Eccentric Arguments

That English was being taken seriously in the England of Elizabeth is evidenced by the somewhat eccentric interest in speculation about its history (and particularly its first origins) among scholars and the more well off members of sixteenth century society. Of these scholars, Richard Verstegen stands out for his keen association of the English tongue with Christianity. In A Restitution of Decayed Intelligence (1605), he proposes that "the English-Saxon" language was spoken "at the confusion of Babel" and was open but tentative about the possibility suggested by Joannes Goropius Becanus that it was the "Teutonic" language which "Adam spake in Paradise". These ludicrous, jingoistic endeavours to equate English with the tongue of the first peoples of God give a good impression of the fairly subjective and speculative basis of much of prescriptive linguistics in its infancy and beyond. Verstegen and others including Puttenham suggested the prelapsarian divinity of the "Teutonic" monosyllable, a pseudo-historical attempt to prescribe the rejection of so-called "loan- words" from the continent and "inkhorn" classicism.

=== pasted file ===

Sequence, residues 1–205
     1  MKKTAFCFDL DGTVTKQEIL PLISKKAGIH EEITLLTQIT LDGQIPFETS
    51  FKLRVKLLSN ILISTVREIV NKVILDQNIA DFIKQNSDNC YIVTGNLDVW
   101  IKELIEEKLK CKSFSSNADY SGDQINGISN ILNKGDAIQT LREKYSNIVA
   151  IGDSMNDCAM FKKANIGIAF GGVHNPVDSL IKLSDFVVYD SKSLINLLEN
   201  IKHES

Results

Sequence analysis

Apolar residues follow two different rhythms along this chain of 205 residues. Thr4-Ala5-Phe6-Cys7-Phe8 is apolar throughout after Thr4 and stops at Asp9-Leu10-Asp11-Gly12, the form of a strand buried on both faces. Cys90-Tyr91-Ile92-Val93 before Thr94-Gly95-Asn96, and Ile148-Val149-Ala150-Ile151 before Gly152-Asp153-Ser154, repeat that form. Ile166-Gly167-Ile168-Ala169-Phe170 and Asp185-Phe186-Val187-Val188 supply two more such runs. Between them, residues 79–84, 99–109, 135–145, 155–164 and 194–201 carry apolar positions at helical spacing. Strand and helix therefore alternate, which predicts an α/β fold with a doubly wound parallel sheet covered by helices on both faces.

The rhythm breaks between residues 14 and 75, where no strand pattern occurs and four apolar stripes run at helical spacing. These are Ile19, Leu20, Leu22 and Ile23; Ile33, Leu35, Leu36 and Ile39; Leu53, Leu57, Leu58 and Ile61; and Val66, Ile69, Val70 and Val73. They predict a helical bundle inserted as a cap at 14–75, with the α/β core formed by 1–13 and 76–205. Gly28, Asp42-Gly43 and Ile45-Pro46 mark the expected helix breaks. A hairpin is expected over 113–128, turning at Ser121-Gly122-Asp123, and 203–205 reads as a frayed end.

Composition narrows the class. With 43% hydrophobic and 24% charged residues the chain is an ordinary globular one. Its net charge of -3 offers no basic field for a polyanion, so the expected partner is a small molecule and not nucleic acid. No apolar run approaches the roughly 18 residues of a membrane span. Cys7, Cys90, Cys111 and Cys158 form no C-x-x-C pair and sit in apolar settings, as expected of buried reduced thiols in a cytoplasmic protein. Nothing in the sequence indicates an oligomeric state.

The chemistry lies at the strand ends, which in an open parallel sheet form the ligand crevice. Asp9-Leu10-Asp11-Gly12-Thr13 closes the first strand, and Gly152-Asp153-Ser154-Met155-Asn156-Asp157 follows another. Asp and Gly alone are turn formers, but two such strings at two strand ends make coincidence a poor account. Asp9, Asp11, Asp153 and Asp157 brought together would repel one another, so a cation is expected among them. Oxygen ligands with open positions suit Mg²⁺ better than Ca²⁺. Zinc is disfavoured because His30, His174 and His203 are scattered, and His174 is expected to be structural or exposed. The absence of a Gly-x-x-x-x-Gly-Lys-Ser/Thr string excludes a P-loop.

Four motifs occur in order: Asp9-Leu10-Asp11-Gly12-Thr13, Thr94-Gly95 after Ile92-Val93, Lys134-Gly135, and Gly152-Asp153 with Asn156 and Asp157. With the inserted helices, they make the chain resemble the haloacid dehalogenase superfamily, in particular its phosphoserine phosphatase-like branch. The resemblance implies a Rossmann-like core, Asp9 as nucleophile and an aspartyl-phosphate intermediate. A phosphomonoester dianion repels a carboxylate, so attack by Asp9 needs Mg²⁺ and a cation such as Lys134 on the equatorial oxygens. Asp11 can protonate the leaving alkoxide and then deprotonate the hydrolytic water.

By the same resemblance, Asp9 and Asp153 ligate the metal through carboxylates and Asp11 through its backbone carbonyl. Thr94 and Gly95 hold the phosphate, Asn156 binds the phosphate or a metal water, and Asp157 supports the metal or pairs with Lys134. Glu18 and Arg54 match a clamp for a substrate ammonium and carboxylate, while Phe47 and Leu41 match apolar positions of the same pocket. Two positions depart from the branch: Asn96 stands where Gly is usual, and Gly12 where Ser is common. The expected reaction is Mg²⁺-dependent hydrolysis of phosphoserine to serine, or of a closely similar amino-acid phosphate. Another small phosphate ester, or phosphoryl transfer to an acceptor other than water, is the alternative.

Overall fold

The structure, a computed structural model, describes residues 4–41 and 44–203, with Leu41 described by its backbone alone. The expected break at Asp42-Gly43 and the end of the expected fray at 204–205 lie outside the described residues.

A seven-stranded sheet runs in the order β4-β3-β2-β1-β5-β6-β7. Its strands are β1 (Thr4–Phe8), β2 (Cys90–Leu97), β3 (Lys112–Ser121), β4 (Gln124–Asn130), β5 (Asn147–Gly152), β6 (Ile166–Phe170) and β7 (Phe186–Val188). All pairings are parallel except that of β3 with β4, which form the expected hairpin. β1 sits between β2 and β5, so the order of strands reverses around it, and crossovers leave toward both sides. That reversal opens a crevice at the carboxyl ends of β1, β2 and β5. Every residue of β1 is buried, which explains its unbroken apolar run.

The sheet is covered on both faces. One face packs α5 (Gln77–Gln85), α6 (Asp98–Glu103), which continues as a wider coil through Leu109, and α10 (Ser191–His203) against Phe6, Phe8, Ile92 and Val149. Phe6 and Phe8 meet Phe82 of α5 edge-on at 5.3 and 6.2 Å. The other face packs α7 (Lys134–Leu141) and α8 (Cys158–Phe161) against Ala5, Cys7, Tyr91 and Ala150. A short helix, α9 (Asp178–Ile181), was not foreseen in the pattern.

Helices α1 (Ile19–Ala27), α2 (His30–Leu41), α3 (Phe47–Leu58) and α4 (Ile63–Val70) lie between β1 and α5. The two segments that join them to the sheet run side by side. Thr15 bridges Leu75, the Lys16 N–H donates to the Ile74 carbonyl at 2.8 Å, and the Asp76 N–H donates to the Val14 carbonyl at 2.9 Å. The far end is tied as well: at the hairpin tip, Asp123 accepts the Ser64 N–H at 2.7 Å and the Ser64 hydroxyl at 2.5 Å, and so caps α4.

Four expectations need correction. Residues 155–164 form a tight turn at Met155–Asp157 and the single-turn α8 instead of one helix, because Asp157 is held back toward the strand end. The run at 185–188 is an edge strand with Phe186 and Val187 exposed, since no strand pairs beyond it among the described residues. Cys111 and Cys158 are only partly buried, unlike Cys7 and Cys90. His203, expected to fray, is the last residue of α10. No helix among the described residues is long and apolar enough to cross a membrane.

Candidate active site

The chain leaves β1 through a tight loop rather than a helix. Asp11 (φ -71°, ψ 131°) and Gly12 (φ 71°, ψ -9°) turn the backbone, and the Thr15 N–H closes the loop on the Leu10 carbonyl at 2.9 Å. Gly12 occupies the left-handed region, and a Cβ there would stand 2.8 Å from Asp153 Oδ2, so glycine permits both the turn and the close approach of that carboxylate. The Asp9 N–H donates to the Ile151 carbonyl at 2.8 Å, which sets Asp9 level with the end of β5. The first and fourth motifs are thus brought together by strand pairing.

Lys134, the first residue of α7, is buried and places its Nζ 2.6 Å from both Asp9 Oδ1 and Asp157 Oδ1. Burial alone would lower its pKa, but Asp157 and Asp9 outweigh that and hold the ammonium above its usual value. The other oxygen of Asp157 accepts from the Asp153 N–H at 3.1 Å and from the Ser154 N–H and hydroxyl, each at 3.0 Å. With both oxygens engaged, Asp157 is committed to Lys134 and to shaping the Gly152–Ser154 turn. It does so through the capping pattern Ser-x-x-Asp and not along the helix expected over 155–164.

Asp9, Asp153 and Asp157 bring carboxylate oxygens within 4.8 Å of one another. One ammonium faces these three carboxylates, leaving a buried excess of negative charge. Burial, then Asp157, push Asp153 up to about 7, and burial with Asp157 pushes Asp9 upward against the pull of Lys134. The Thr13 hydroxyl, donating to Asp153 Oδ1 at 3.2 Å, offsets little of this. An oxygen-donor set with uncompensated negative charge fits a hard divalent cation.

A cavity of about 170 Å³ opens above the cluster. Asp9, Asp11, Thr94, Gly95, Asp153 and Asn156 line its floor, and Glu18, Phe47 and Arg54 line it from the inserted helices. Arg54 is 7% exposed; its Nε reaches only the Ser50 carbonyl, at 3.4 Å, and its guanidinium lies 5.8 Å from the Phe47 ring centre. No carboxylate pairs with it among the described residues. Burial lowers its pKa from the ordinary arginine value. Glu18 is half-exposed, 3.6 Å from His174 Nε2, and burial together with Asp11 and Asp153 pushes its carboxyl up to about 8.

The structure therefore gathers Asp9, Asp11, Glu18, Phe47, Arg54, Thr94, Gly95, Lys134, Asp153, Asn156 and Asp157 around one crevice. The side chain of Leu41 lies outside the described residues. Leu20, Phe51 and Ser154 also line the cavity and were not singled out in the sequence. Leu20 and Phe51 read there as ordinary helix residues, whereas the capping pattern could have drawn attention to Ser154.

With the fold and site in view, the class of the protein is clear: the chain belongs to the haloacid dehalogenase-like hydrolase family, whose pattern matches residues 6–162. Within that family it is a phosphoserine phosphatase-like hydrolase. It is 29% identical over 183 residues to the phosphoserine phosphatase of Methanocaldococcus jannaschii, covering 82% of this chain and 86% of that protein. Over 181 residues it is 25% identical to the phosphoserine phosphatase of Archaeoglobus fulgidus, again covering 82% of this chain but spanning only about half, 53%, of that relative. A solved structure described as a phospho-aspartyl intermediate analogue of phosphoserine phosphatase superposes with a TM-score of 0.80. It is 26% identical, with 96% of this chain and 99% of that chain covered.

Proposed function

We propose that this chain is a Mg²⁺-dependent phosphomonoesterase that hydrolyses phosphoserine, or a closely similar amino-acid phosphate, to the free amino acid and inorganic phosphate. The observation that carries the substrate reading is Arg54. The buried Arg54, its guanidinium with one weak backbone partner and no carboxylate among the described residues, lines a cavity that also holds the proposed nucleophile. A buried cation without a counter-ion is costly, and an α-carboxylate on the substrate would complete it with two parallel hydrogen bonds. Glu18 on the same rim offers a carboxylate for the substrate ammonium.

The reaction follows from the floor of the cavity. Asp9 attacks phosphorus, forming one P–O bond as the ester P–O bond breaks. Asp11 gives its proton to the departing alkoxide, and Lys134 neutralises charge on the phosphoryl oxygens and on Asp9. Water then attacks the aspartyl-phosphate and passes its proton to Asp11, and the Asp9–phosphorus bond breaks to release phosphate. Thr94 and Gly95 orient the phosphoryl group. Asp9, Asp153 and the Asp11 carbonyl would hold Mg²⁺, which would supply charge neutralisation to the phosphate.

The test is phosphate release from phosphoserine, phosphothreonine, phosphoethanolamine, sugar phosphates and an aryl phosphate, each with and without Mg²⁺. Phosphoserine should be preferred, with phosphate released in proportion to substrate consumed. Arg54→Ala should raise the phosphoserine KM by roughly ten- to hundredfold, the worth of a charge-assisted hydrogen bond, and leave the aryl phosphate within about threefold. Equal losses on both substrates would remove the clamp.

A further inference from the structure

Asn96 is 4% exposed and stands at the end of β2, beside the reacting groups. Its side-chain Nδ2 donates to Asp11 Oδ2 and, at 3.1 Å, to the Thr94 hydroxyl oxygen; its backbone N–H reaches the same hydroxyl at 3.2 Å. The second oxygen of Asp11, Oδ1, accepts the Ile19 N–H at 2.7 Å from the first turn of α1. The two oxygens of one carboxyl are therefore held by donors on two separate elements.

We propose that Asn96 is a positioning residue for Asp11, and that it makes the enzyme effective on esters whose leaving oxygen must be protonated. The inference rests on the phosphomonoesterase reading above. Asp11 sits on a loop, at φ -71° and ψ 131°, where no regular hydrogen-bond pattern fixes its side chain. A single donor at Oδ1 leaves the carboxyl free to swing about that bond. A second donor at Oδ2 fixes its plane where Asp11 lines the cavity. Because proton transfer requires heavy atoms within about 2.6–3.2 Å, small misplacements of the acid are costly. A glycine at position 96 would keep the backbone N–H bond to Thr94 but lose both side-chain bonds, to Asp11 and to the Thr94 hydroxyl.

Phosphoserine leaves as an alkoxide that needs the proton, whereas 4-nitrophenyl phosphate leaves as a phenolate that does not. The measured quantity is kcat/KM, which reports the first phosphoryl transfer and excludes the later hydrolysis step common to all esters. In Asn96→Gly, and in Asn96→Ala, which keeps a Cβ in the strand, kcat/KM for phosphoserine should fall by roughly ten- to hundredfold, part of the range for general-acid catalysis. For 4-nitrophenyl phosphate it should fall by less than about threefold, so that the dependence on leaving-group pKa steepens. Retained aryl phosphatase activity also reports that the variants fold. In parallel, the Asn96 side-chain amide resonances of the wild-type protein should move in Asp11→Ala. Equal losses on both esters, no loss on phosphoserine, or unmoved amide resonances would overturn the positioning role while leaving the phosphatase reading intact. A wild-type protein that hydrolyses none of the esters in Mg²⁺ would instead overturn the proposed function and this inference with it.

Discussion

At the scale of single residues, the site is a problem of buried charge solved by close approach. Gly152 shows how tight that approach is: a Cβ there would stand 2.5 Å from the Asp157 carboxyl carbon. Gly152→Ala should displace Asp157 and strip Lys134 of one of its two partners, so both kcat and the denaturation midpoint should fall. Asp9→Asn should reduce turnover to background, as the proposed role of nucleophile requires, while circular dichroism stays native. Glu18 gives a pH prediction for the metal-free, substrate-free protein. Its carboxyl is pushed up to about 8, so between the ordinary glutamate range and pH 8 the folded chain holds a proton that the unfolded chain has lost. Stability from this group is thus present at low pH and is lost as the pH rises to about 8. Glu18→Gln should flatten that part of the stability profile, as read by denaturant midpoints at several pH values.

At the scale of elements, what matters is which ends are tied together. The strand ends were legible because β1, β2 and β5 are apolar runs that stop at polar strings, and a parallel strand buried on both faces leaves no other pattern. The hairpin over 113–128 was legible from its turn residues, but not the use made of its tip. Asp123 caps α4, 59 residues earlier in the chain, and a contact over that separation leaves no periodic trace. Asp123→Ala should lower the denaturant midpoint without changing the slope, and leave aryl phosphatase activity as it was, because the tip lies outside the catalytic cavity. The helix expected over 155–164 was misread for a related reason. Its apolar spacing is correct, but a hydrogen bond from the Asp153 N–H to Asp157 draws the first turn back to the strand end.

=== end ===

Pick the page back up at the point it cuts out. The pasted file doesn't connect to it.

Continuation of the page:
Intriguing though the rejection of the polysyllable may be, it is further evidence for the somewhat random selective procedure by which "experts" upon language of the time already harked back to an (unrecorded) past for the justification of personal preference, religious or political ends. The wish to artificially "purify" a language is contained within the subtext of Jonson's argument: protecting it from "vulgar" influence as if it were a new born, incapable of growing and adapting to its environment without interference despite the fact that such a claim was historically unfounded. The argument would develop into even more petty and subjective veiled élitism over time. Language, by these interventionist means was to remain a social and intellectual divide even after the gradual relegation of Latin and French as primary languages of the well to do. Whether or not the intention was stated, the elevation of language according to "learned" rules was unlikely to filter through to a populace without the formal education of the wealthy and the people of court. The issue of where "Custome" comes from - and should stay - is therefore central to an understanding of the debate suggested by Jonson.

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